The first load of sediment was removed recently from Littlerock Dam to begin  a Palmdale Water District project that was postponed in the early 1990s when the federally protected arroyo toad was discovered in the area.

The Littlerock Sediment Removal Project is a 12-year plan to restore the dam to its 1992 water storage capacity of 3,500 acre-feet. Currently, the capacity is at 2,800 acre-feet due to years of sediment buildup.

“This is a momentous occasion for PWD,” said General Manager Dennis D. LaMoreaux. “For almost 30 years, we have been waiting to restore it to its capacity. We’ve hit hurdles that were beyond our control and spent millions to meet requirements. This is a good day.”

Innovative Construction Solutions of Costa Mesa is the contractor removing 64,000 cubic yards of sediment from the reservoir and trucking it to a local gravel pit. The company has experience working at Littlerock Dam, having removed sediment in early 2021 after the Bobcat fire caused a buildup of debris. If the weather remains favorable, this year’s phase of the project should be completed in five weeks.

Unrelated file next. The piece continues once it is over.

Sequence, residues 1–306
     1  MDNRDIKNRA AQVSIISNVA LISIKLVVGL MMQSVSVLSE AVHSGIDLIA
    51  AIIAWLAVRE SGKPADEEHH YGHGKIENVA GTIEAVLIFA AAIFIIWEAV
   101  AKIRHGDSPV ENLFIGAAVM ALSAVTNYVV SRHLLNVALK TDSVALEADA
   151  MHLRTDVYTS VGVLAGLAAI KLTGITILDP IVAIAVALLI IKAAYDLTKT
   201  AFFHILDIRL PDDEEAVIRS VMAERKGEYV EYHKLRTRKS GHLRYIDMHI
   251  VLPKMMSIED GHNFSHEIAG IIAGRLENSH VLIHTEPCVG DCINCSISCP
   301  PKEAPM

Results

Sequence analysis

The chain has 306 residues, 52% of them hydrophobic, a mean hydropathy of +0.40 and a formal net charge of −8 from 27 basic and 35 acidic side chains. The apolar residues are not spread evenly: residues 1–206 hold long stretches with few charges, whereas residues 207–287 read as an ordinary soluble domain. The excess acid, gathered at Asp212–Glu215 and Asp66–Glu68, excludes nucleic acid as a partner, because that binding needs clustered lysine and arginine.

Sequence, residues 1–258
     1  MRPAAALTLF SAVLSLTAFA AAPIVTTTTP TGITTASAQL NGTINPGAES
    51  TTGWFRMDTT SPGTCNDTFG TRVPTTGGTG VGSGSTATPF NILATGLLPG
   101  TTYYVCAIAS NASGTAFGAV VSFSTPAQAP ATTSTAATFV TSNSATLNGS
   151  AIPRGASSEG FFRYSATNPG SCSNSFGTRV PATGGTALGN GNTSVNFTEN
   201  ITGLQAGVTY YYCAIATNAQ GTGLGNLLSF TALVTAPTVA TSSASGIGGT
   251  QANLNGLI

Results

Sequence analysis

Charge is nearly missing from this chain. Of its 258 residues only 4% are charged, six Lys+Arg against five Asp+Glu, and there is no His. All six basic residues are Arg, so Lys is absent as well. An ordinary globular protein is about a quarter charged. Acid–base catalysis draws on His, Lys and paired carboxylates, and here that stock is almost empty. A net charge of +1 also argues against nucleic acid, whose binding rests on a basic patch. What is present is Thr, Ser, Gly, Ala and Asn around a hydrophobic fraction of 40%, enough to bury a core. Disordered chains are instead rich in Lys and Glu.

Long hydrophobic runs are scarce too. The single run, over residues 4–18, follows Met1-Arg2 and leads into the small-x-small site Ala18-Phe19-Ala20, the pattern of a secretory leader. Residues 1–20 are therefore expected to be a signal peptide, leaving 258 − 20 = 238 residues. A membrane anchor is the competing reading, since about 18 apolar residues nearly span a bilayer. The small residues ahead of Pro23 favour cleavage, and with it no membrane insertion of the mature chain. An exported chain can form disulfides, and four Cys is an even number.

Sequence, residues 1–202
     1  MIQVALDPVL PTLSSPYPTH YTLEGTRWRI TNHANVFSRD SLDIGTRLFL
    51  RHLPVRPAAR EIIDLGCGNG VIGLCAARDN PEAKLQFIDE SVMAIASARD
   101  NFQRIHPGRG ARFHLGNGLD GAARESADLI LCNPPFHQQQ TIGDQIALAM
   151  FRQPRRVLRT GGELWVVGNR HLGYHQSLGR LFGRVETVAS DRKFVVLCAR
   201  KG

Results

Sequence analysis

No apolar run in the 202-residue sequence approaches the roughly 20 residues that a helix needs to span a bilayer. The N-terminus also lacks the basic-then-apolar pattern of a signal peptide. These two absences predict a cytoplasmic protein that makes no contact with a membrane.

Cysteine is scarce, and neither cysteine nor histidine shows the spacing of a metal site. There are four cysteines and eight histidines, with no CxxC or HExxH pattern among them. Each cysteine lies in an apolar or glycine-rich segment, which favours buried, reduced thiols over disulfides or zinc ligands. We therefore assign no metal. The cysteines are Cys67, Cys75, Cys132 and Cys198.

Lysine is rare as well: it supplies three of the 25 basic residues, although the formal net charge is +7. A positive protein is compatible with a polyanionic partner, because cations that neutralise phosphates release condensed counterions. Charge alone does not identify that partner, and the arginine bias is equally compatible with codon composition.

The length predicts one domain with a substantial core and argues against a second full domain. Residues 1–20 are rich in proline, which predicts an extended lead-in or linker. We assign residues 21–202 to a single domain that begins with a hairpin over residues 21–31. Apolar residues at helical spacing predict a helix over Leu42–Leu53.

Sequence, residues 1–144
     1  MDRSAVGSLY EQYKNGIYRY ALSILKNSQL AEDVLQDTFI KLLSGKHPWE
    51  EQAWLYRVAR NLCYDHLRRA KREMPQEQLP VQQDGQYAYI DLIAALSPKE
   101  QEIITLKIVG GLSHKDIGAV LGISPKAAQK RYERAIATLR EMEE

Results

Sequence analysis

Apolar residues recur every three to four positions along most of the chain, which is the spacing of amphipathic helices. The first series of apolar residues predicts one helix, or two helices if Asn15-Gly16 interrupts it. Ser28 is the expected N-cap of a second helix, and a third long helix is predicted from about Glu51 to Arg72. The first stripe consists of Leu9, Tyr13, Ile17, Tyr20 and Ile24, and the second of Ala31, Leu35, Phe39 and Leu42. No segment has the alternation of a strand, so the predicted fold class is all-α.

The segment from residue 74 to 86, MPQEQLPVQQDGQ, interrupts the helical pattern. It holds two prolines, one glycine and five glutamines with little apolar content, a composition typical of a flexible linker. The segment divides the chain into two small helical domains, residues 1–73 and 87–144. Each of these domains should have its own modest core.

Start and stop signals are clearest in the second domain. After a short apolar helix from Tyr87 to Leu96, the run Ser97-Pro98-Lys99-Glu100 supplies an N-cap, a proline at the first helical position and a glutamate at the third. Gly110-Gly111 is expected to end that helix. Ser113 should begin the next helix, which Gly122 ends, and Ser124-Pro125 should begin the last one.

Cost of this sediment removal is $2.8 million, with $1.1 million coming from grants. Although the multi-year project initially called for the annual removal of 120,000 cubic yards to total 1.1 million cubic yards within 12 years, the total accumulation has now grown to 1.7 million cubic yards.

The project was finally given the green light in 2020 after a $14 million grade-control structure was built at Rocky Point. At 400 feet wide and 240 feet long, it is a staircase-designed structure that prevents erosion and protects the toad’s upstream habitat during sediment removal.

“After three decades of delay, it’s nice to finally see this project move forward with the removal of sediment,” said Engineering Manager Scott Rogers. “Our plan is to stay within our budget and seek out grant funding opportunities to help with this annual cost.”

“It is important that we restore the reservoir to its maximum water capacity, especially as we continue to face severe drought and more local water supply storage is needed,” Rogers added.

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